Therefore, the optimal reversible thermodynamic cycle should be the combination of an optimal heat absorption process with ambient conditions as its fixed final state, and an optimal heat release process with ambient conditions as its fixed initial state, with two isothermal processes and two adiabatic processes, which simply results in a Carnot cycle, as shown in Figure 8.
Consequently, the action for a reversible thermodynamic cycle is the sum of the actions for the heat absorption process and heat release process: ΔSin/Qab − ΔSde/Qre. Noting that Q a b = T ¯ a b Δ S i n and Q r e = T ¯ r e Δ S d e , the action can be rewritten as [ Δ S i n / Q a b Δ S d e / Q r e ] = 1 / T ¯ a b 1 / T ¯ r e . That is, the optimum reversible thermodynamic cycle with a given temperature range (i.e., the Carnot cycle) can be derived based on the concept of entropy. This method might be considered a vicious circle, because the quantity known as entropy was introduced by Clausius, based on the Carnot cycle. However, as a state function of a thermodynamic system, the entropy can be derived without applying the knowledge of the Carnot cycle. For instance, Planck [30] and Caratheodory [31] both established the concept of entropy and the theorem of entropy while neither applying the Clausius equation nor the Carnot cycle. Hence, the principle of least action for a reversible thermodynamic cycle states that the minimum value of the action, ΔSin/Qab − ΔSde/Qre, leads to the Carnot cycle, which is the optimal reversible thermodynamic cycle between two thermal reservoirs.

5. Conclusions

The principle of least action can be applied to two kinds of optimization problems for natural phenomena and for artificial phenomena. For natural processes, minimizing its action leads to its fundamental law, its governing relationship, and its real path, which is the optimal one corresponding to its optimization object. The principle of least action is not limited to reversible problems; rather, it is also applicable to irreversible problems such as heat conduction and convection. For artificial optimization problems, minimizing its action based on the known fundamental law and governing relationship leads to its optimal path, which corresponds to its optimization object.
The optimization of reversible thermodynamic processes belongs to the artificial intervention class of optimization problems. The actions for heat absorption and heat release processes are the entropy variation per unit of exchanged heat, ΔS/Q. Minimizing this action leads to the minimum increase in entropy for a fixed absorbed heat during the heat absorption process, with the corresponding optimal path being the first half of a Carnot cycle. Maximizing this action leads to the minimum decrease in entropy for a fixed heat release during the heat absorption process, with the corresponding optimal path being the second half of a Carnot cycle.
The optimal reversible thermodynamic cycle is then the combination of the optimal reversible heat absorption process and the optimal reversible heat release process with ambient conditions. Therefore, the action of a reversible thermodynamic cycle is the algebraic sum of the actions of the heat absorption and heat release processes, (ΔS/Q)ab − (ΔS/Q)re. Minimizing this action leads to the optimal reversible thermodynamic cycle, i.e., the Carnot cycle. This shows that, like other disciplines, a variation of the action, (ΔS/Q)ab − (ΔS/Q)re, may lead to the Carnot theorem, which is the fundamental law in reversible thermodynamics.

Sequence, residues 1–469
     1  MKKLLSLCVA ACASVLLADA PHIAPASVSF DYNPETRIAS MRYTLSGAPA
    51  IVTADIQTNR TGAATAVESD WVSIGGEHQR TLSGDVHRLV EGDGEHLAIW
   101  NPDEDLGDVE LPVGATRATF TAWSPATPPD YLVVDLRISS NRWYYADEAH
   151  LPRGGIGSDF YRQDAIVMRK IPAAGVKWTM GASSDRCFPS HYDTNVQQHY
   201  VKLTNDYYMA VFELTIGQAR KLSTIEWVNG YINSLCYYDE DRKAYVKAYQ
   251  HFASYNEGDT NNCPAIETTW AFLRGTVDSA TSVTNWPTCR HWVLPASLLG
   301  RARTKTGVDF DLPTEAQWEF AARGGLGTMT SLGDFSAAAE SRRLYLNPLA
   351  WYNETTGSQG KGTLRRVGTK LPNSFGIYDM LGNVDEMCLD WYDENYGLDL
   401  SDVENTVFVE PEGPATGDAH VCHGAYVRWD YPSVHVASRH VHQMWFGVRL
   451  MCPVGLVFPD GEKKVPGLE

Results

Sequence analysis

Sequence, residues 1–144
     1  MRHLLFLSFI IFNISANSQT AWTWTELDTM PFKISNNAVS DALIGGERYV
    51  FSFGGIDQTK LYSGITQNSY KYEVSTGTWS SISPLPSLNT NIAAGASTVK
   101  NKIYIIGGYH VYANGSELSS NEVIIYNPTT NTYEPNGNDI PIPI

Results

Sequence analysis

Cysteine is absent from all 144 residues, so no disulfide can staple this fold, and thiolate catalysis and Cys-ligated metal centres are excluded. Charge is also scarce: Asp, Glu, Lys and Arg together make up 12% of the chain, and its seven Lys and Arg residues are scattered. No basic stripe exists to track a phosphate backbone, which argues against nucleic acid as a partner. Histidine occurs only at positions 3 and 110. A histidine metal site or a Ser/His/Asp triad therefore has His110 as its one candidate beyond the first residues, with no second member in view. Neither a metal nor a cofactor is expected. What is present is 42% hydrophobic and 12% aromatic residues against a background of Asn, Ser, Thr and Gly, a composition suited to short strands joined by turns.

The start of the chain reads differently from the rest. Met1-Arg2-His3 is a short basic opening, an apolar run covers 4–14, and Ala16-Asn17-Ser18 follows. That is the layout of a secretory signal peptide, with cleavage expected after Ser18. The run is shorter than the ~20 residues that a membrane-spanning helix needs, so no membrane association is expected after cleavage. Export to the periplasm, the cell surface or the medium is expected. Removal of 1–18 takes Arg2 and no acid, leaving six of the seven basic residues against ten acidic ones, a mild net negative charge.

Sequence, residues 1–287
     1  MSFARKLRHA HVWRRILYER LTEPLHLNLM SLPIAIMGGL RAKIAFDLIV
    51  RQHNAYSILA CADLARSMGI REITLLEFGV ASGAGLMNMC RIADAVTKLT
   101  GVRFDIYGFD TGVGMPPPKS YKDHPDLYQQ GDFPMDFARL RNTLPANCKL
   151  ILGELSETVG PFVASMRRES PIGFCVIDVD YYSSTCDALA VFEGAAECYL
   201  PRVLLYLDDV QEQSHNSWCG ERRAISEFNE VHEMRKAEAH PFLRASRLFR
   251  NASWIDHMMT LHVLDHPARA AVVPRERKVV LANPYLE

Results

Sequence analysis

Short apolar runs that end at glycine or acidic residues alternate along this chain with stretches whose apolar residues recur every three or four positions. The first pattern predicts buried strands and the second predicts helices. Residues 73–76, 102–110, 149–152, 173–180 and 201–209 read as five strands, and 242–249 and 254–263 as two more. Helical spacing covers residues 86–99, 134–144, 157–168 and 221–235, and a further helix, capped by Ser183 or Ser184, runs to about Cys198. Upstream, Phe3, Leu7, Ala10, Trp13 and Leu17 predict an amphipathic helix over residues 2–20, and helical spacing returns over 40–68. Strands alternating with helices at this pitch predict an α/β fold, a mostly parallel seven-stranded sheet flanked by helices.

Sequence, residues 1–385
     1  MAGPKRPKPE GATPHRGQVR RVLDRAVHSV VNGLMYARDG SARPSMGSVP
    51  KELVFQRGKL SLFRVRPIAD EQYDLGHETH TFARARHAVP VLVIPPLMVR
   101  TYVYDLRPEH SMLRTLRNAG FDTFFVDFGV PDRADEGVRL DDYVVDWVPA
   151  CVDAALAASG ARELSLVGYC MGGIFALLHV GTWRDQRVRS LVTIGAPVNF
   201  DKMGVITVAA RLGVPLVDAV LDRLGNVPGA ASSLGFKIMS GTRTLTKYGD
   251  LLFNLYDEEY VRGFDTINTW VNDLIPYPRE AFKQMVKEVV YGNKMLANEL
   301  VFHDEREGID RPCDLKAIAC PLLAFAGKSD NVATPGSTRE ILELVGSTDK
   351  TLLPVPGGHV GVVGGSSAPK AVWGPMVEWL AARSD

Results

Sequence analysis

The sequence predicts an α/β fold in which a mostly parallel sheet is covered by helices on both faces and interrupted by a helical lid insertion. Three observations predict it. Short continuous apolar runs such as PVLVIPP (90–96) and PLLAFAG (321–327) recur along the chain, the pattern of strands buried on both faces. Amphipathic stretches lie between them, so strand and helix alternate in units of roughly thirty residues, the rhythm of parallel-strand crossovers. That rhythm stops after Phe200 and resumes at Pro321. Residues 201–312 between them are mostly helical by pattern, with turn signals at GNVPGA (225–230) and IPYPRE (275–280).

Author Contributions

T.Z. and Y.-C.H. contributed to the analysis; T.Z. and Z.-Y.G. wrote the paper.

Funding

This work was financially supported by the Science Fund for Creative Research Groups (No. 51621062).

Conflicts of Interest

The authors declare no conflict of interest.

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Figure 1. The brachistochrone problem in classical mechanics.
Figure 1. The brachistochrone problem in classical mechanics.
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Figure 2. The solution of the brachistochrone problem.
Figure 2. The solution of the brachistochrone problem.
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Figure 3. The thermodynamic system undergoing various reversible processes.
Figure 3. The thermodynamic system undergoing various reversible processes.
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Figure 4. (a) TS diagram for various paths with various function parameters. (b) The heat absorbed in the process versus the order of the power function, n.
Figure 4. (a) TS diagram for various paths with various function parameters. (b) The heat absorbed in the process versus the order of the power function, n.
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Figure 5. The optimal path maximizes the difference in heat between two fixed states.
Figure 5. The optimal path maximizes the difference in heat between two fixed states.
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Figure 6. Two possible paths with a fixed initial state, a fixed temperature of the final state, and a fixed amount of absorbed heat.
Figure 6. Two possible paths with a fixed initial state, a fixed temperature of the final state, and a fixed amount of absorbed heat.
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Figure 7. The optimal path with a fixed initial state, a fixed temperature of the final state, and a fixed amount of absorbed heat.
Figure 7. The optimal path with a fixed initial state, a fixed temperature of the final state, and a fixed amount of absorbed heat.
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Figure 8. The optimal thermodynamic cycle between two fixed states.
Figure 8. The optimal thermodynamic cycle between two fixed states.